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New Play “In a Blue Moon” a hit in Gananoque

Reviewed by Connie Meng

Frankie

Photo: David Cooper

Blue Moon by Lucia Frangione, directed by Daryl Cloran.

The world premiere of Canadian playwright Lucia Frangione’s new play “In a Blue Moon” is definitely worth a trip to Gananoque. It tells the story of Ava, a widow, (Anita Wittenberg), and her six-year-old daughter Frankie, (Emma Tow – Miss Wittenberg’s real-life daughter), who move to an inherited cottage. There they find Will, (Brett Christopher), a free-lance photographer and Ava’s brother-in-law, already in residence. As their relationships change and grow, we find ourselves increasingly caught up in their emotions and lives.

Drew Facey’s abstract and creative wooden cottage is backed by a giant moon. The cottage has an upper level which functions as both a bedroom and the roof. There’s also a free-standing and very slammable door. The moon is used as a screen for Conor Moore’s terrific projections and his lighting is also very good. John Gzowski’s music and sound are very effective and the costumes, designed by Marian Truscott, are just fine. I loved Frankie’s pajamas.

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Sparkling “Into the Woods” at Gananoque’s 1000 Islands Playhouse

Reviewed by Connie Meng

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Photo:

A very good production of the Stephen Sondheim/James Lapine musical “Into the Woods” is running at the 1000 Islands Playhouse. The cast, with a couple of exceptions, is strong and the actors can all handle the complex score. Drew Facey’s set, featuring an upper level walkway, 3 birdcage-like playing areas and, of course, woods, is excellent and his wonderful costumes cleverly fanciful. I loved the Prince’s high-top sneakers. The choreography by Shelly Stewart Hunt is good, especially for the Princes, although I felt it began a bit too early in the opening number and we lost some lyrics. Michelle Ramsay’s lighting is evocative and William Fallon’s sound first-rate and well balanced.

Speaking of sound, Musical Director Stephen Woodjetts has done an expert job with the complex vocals, especially the diction. When the show first opened in New York in 1987, the pit musicians called it “Into the Words.” He’s also done a great arrangement that allows only 5 musicians to convey the flavor and color of the original orchestration, with himself on piano, Greg Runions on percussion, David Smith on reeds, Bob Arlidge on bass, and the excellent Erin Puttee on keyboard.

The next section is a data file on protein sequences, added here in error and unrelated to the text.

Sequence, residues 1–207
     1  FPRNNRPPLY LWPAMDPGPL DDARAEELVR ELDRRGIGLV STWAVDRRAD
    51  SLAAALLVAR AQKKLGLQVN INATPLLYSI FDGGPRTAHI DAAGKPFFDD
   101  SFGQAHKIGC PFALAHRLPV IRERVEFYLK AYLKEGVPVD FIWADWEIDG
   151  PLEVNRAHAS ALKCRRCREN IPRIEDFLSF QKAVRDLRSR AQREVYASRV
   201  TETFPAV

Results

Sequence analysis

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Much Ado About Nothing. A lively production set in the Jane Austin Period!

Reviewed by Connie Meng

Hero

Photo.David Baker

Much Ado ABout Nothing by Shakespeare. Directed by Craig Walker. A production of the  St. lawrence Festival, Prescott

I recommend reading the excellent synopsis in the program, as this is one of Shakespeare’s most confusing comedies.  Set by Director Craig Walker in the period of Jane Austin’s “Pride and Prejudice,” the plot twists through multiple misunderstandings, plotting, and eavesdropping.

The cast helps with the clarity, especially Michael Man as Borachio, an easily persuaded villain, and as the Friar who, in Act II, clarifies various deceptions.  Sarah English gives us a nicely three-dimensional Hero, as does Audrey Clairman as the maid, Ursula, and Jesse Nerenberg is a satisfyingly nasty villain in Don John.  Oddly, the broad acting style of Gabrielle Lazarovitz seems more suited to her Dogberry rather than her Beatrice.  However, she sings beautifully and in the opening scene she and Melissa Morris as Balthasar sing a lovely duet of an Italian Art Song.

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Creative “Julius Caesar” at the St Lawrence Shakeskpeare Festival at Prescott.

Reviewed by Connie Meng

Caesar

Photo by David Blake.  Richard Sheridan Willis as Julius Caesar. 

Julius Caesar by Shakespeare, directed by  Rona Waddington.

The St. Lawrence Shakespeare Festival has opened their season with a strong and creative production of “Julius Caesar.”  Director Rona Waddington, with special permission from Actors Equity, has recruited 18 volunteers to play soldiers, senators, and citizens along with the 12 professional actors.  These volunteers do a fine job with the complex staging, as well as making some very nippy costume changes.

There are two real stand-outs in this generally strong cast.  Ash Knight as a wonderfully nuanced Brutus and Richard Sheridan Willis as the complex Caesar are both expert at handling the language.  My companion said for once she didn’t have to translate in her head. Jesse Nerenberg’s Cassius tends to be on a single note of anger till Act II, when we see more of his wiliness.  As Octavius Michael Man does a nice job, also doubling as the timid Cinna.